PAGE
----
As farmers approach the 2019 harvest, comparisons are quickly being made to 2009’s late wet harvest. But one thing’s for sure: Remote dryer monitoring has come a long way in 10 years, and that piece of technology might help you better manage grain drying this time around.
An early entry on the remote dryer control market, GSI’s WatchDog unit lets you monitor and control the dryer from your smartphone and can be installed on any GSI dryer with Vision Controls. According to GSI’s Gary Woodruff, the screen looks the same on your smartphone as it does on the Vision Controls box, but it has mobile-friendly menus and is accessible from any web-connected device.
WatchDog lets you adjust dryer settings such as moisture and temperature, and monitor dryer status, sending out alerts as needed.
“We only let it do things that would be safe, so you can’t start it remotely,” Woodruff says, explaining that this prevents the dryer from being started when someone could be working in or near it. Users also have to enter a password to gain access and make changes.
“Our first monitoring system was put out in 1997. Then in 2005, Vision Controls came out, and that’s when we saw farmers transition to wanting more technology,” Woodruff recalls. “Today, the majority of our dryers go out capable of running WatchDog.”
You will need internet access at your dryer, but WatchDog is not subscription-based; there’s an initial cost on hardware for stacked or portable dryers. Tower dryers and Top Dry systems don’t require the hardware, so there’s no charge in that case.
Costs will include web access fees or cell modem fees, depending on which route you go to secure a static IP address at your dryer.
Mathews Co. launched MC Trax in 2011 as a monitoring app that generated alerts. Last year, the company launched a version that’s fully capable of remotely controlling the dryer.
“People are in the combines, off-site working, or may not have the manpower to be at the grain dryer,” says Nick Nanos, Mathews Co. “This gives you the ability to connect through Wi-Fi or a cellular connection so you can control the dryer.”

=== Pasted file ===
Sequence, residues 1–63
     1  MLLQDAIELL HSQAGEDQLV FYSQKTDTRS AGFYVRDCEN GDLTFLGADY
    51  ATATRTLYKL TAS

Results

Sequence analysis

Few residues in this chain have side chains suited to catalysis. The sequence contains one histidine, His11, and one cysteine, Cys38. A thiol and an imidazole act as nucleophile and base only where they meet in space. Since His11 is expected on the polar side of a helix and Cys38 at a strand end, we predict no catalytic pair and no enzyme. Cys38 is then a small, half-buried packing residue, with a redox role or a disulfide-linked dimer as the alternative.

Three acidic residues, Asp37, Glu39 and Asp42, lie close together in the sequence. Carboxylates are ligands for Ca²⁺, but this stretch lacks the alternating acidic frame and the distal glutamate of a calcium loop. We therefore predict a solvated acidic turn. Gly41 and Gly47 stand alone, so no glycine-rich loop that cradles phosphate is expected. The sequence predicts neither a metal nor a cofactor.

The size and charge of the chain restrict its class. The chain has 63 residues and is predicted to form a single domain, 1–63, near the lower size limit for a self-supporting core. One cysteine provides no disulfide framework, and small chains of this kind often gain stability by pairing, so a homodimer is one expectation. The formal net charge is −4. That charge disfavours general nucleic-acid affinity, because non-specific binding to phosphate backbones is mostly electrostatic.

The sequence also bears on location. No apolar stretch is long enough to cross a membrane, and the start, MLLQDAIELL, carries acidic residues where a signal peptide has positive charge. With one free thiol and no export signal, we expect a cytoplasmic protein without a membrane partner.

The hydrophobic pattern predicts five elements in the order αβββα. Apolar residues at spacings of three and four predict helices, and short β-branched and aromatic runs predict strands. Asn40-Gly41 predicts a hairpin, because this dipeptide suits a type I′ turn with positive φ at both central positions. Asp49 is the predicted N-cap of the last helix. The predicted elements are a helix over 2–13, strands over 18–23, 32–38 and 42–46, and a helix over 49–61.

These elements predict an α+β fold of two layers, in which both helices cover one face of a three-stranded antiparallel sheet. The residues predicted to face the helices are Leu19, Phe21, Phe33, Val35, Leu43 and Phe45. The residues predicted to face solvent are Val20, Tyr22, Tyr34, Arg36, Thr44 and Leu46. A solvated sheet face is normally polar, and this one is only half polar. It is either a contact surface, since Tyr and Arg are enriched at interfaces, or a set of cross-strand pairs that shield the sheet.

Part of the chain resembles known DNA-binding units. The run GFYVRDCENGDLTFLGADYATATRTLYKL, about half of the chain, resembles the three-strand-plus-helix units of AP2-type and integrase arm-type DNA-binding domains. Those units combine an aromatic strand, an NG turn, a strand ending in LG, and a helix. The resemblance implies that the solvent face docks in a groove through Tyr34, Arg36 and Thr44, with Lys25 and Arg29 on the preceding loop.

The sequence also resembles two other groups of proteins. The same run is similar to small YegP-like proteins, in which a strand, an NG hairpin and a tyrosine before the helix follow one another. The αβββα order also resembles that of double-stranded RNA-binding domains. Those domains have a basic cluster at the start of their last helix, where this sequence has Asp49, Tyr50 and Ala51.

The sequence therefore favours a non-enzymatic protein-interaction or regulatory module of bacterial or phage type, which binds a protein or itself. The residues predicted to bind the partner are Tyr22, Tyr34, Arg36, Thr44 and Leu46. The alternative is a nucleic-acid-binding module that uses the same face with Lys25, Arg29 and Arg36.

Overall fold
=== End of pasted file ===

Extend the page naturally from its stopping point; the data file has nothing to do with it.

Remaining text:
MC Trax also lets you change moisture and temperature, and with safety and security. You can’t start the dryer remotely, and you can only make changes using a four-digit pin.
“We wanted to make sure we were doing things very safe and ultimately making it extremely easy to use,” Nanos says.
MC TRAX: “People are in the combines, off-site working, or may not have the manpower to be at the grain dryer,” says Mathews Co.’s Nick Nanos. “This gives you the ability to connect through Wi-Fi or a cellular connection so you can control the dryer.”
All MC dryers come with one year of free MC Trax, which is followed by an annual subscription fee. There’s no hardware to purchase, but farmers will need a wired Ethernet connection at the dryer, which can be done by any local internet service provider. According to Nanos, a hot spot can only be used if it has Ethernet connectivity, or if you connect the hot spot to a separate router and hard wire the Ethernet from that router.
Woodruff sums up well the technology portion of drying grain in 2019: “I wouldn’t want to run a dryer any year — particularly this year — without those kinds of warnings and the ability to remotely monitor the dryer.”